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What Gregoire's late embrace of education taxes means

Surprisingly, the business community could be the key to deciding whether the state follows the lame-duck governor's well-spoken advice.
Gov. Chris Gregoire at a 2011 event in Seattle.

Gov. Chris Gregoire at a 2011 event in Seattle. Washington State Department of Transportation

When Gov. Chris Gregoire on May 2 signed the much-amended state budget, she had some blunt words for public education supporters, including the two leading candidates for governor.

Gregoire, who has not exactly been the strongest proponent of new tax revenue during her two terms, seemed to have experienced an epiphany on taxes after approving more than $11 billion in cuts since 2009. Her remarks didn’t get much attention in the news media. So here’s how she expressed her new position, with strong verbal emphasis that can’t be easily conveyed in excerpted quotes:

We cannot properly fund our schools, our colleges, our universities, and early childhood education in this state without more money….There is simply not enough money in our current revenue stream to keep up with the cost of educating our young people so they can compete in the 21st century.

And in response to a reporter’s question, she had equally strong words of advice on taxes for the two candidates who are vying to succeed her. Both Jay Inslee and Rob McKenna have said that a new tax source for education is not needed.

McKenna has suggested that discretionary funding for social programs can be reduced to fund education, and that “attrition” (retirement) should be allowed to further shrink the state’s workforce. Inslee believes that as the economy recovers more tax revenues will be generated that can be applied to education. He has proposed a jobs plan to put people back to work. McKenna would spur economic growth through reform of regulations and small business tax relief. Both McKenna and Inslee say that money can be found through greater program efficiencies, especially in health care delivery. Both think ending some tax breaks will provide revenue.

Responding, Gregoire didn’t mince words:

In 2013-15 (the next biennium) based on the legislation we passed, the price tag for K-12 education alone will be approximately $1 billion.  So to think that the legislature can cut $1 billion — they’ve already cut $11 billion over the last three years – without destroying the safety net…. The idea that we are going to turn the economy around in a split second and get $1 billion projected, there is absolutely nothing in terms of a forecast that would suggest that to be true…We have to have a long-term sustainable source of funding.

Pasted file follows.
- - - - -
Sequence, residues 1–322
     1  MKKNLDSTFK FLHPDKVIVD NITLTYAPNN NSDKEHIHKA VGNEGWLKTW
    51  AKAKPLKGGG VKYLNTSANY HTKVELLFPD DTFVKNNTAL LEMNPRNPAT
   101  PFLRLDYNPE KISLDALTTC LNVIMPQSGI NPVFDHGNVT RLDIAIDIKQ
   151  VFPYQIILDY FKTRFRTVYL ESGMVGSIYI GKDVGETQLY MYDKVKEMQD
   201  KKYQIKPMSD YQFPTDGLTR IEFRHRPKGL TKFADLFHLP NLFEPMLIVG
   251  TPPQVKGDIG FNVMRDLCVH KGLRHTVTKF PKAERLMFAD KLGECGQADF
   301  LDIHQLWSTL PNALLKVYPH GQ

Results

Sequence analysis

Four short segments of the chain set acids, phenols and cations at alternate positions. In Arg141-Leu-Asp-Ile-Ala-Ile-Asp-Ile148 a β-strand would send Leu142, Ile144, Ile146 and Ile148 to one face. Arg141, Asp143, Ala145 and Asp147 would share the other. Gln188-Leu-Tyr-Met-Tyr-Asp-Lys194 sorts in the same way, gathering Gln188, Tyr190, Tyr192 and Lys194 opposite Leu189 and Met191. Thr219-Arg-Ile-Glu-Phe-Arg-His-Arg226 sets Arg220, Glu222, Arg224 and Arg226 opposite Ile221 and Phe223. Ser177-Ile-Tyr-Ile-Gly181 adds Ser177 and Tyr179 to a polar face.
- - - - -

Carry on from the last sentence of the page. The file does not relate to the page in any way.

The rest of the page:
She was equally animated and pessimistic on the potential for revenue by just ending tax breaks: “I gave them (legislators) a list as long as the moon, and what did they get me? Just one — for $18 million. They can’t get the two/thirds vote.”

And the governor clearly had taxpayers in mind:

The state of Washington has got to step up and understand: we are not going to meet our constitutional mandate for K-12 education, our moral mandate for early learning, and our economic mandate for higher education, if we are not going to look at new revenues.

Although the press corps didn’t ask the next obvious question — who should we look to for leadership in finding new tax revenues? —Gov. Gregoire volunteered that the joint task force established by House Bill 2824 will be instrumental.

HB 2824, sponsored by Rep. Deb Eddy, D-Kirkland, was introduced and passed late in the first special session, and signed by the governor on May 2. The bill established the task force to make recommendations for fully funding basic education programs, taking into account the requirements of two bills passed in 2009 and 2010, which redefined basic education and restructured the K-12 funding formulas. The Eddy bill also repealed Initiative 728 approved by voters in 2000 that had the purpose of increasing student achievement by reducing class size.

The 2010 bill enhanced funding of basic education over eight years in four areas:

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Posted Tue, May 15, 12:46 a.m. Inappropriate

I think it's absurd to require a 1:17 teacher:student ratio in grades 1 to 3. My first-grade class in parochial school had 45 kids. We turned out just fine. Why? Because parents were involved, and cared, and the teachers had authority.

The plan is to implement the lowest ratios in high poverty areas? Why? Anyone will tell you that poor parents are less involved with their kids than more affluent ones. Parental involvement is the most important factor in education. Throwing the most teachers at the lowest social levels is a waste of money.

As for transportation, when will the schools wake up and implement neighborhood schools? It's foolish that so many kids in Seattle ride buses to school. They should be walking to schools in their own neighborhoods. It's cheaper, and binds them and their parents to their neighborhoods.

What I just wrote will be condemned by the "progressives" who monopolize what passes for a debate about education. But next year, when Seattle's school bureaucrats come to the voters for a billion dollar tax school tax increase, just watch us vote it down.


Posted Tue, May 15, 8:08 a.m. Inappropriate

As a former low-income single mother, I take offense at your remark that "poor parents are less involved with their kids than more affluent ones."

Not only is this a stereotype, but my mother who was a divorcee with four kids and two jobs was very involved with our education as I was with my only child.

I have a sister who teaches 2nd grade with over 26 children in the classroom and no assistance (and very little money for the supplies that make learning to read not only productive but also fun) and her experiences tell a far different story than your letter.